A Matter of Tone
“I love Kavanaugh’s tone.”
This is perhaps the most telling tweet of yesterday’s sordid Senate Judiciary Committee circus. It comes to us from one of the most tone-deaf twaddlers on the national stage, Donald Trump, Jr., whose tempestuous teeth and tongue are graced with hot flatulent bile at a frequency exceeded only by his Dear Old Dad and that pathetic wretch mouthing unmentionables for the NRA. Tone, not content, is what the Trump presidency* is all about, and Brett Kavanagh chose to dispense with the pretense of judicial temperament and fall flat on his forked tongue right into the partisan Trumpian fold. Don, Jr. loved it. The American Bar Association did not.
This was much more than simply a poor choice. This was the childish, petulant, angry belch of conservative white power when confronted with the fact that maybe, just maybe, actions have consequences that are not predestined by the petrified soothsayers at the Federalist Society. This was a tantrum of whitebread entitlement, borne of the belief that pedigree and privilege compensate for the sins of youth—which weren’t really sins at all, by the way, plus I refer you to the redacted testimony provided earlier about the veracity of that lying son-of-a-bitch.
We must grant that Brett Kavanaugh has the right to be angry. We must grant that the process has been highly partisan, and we must acknowledge that his reputation has been irreparably damaged by the confirmation process. But in doing so, we must also acknowledge that unlike the life-long suffering of Dr. Blasey Ford, these wounds are entirely self-inflicted. Kavanaugh chose to come out swinging. He chose to dispense with the rarified attributes of even-tempered judicial restraint in favor of screaming at the referee about the instant replay. He chose to emote, rather than to explain. He chose to become the excruciatingly ordinary tone-deaf partisan that Democrats have long suspected, and he did it exclusively to please Donny-Boy and Dear Old Dad. Justified or not, this choice alone unequivocally disqualifies him from confirmation.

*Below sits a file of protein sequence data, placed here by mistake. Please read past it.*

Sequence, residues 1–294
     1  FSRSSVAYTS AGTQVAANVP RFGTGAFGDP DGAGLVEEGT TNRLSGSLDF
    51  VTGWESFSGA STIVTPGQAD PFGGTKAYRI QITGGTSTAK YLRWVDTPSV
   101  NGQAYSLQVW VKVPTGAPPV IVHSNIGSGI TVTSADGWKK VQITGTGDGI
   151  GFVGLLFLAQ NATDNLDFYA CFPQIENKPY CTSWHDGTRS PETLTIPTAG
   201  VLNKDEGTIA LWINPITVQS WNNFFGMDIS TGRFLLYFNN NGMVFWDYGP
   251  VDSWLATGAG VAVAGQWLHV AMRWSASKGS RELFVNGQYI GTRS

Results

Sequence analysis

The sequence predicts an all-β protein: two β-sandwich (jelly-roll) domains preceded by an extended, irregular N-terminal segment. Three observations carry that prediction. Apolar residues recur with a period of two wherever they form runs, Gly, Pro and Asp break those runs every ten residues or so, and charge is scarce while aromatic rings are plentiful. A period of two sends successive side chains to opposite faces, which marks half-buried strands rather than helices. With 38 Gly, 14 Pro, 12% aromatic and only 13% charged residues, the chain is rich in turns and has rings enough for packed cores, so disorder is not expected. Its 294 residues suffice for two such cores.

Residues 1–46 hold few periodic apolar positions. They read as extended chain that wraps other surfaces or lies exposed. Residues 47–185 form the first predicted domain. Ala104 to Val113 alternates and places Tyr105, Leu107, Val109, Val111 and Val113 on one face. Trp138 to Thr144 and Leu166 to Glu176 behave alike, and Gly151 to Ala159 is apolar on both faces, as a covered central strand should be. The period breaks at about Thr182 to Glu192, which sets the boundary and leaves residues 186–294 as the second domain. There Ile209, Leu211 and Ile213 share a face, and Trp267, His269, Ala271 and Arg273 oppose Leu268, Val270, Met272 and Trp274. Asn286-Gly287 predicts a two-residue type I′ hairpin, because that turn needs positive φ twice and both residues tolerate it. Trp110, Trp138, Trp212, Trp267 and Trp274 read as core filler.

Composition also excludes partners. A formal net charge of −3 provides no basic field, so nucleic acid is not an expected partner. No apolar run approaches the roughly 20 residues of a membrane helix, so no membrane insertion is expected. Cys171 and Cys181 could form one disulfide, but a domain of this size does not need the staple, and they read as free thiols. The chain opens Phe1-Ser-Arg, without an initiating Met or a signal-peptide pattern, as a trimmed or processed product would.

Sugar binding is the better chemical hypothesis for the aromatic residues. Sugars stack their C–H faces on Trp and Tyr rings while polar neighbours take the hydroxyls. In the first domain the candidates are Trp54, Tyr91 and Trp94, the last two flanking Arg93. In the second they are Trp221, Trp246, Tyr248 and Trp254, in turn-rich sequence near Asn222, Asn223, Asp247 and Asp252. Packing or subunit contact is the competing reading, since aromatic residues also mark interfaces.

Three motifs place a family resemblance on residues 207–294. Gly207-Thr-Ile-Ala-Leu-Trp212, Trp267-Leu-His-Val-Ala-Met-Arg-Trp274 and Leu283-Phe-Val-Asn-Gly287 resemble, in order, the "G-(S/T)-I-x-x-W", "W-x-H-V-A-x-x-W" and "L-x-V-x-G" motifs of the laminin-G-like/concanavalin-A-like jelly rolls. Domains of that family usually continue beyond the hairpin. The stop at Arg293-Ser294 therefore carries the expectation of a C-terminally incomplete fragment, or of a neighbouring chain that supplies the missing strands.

Happily, people are resilient. They recover. They move on. Kavanaugh emerged from his misogynistic, beer-swilled formative years to become a duplicitous partisan power player in Republican Washington, darling of the Scalia school of selective textualism, therein repudiating the tactics he so eagerly sought to inflict on William Jefferson Clinton. Ford eventually emerged from her abuse to become a talented academic, respected by her colleagues, loved by her students, and driven from her twin-doored home by the same school of inarticulate hate and rage that are lately inseparable from Republican politics, and that Kavanaugh chose to place front and center.
Ford will eventually return home, but that extra front door is going nowhere, and her lifelong flight from prep-school privilege to staid west-coast obscurity is over. Today, Dr. Blasey Ford is a national hero, and Judge Brett Kavanaugh is a national disgrace. Ford will be celebrated for the rest of her life for her bravery, her poise, and her resilience. Kavanaugh will be reviled for his juvenile temperament, his conspicuous, calculated mendacity, and like Justice Clarence Thomas before him, for denigrating the most revered institution in the land with his arrogant, partisan mediocrity.
Mediocrity, it must be emphasized, is not a quantitative matter. Human beings are more than the sum of their parts, and more than the summation of their resume. By any standard, Kavanaugh’s resume is perfect. Every box has been ticked, every extracurricular activity highlighted, every athletic, religious, and civic endeavor dutifully recorded in triplicate, all the way back to the crayon calendars of his formative years.
Character, however, is a different matter entirely. Character is qualitative, and cannot be derived from accolades and accomplishments and boxes ticked in triplicate. Character is behavior out of the white-hot glare of the Washington circus. Character is the private sphere of inner calculation. Character is choice. Character is tone.
As a matter of accomplishment, no-one can accuse Brett Kavanaugh of mediocrity. His resume is formidable. But judicial temperament demands the highest and best in us. It demands reserve, and thoughtfulness, and unimpeachable character. Yesterday, Brett Kavanaugh sought to demonstrate that his character is as formidable as his resume. What he demonstrated instead is craven mediocrity. In his heart of hearts, Brett Kavanaugh is as pugnacious and arrogant and tone-deaf as the administration he would serve. He is entirely unworthy of the post—not as a matter of accomplishment, or intelligence, or experience, or party. He is unworthy as a matter of character.
Following the hearing, Donald Trump tweeted: “Judge Kavanaugh showed America exactly why I nominated him.”
About this, there is simply no question.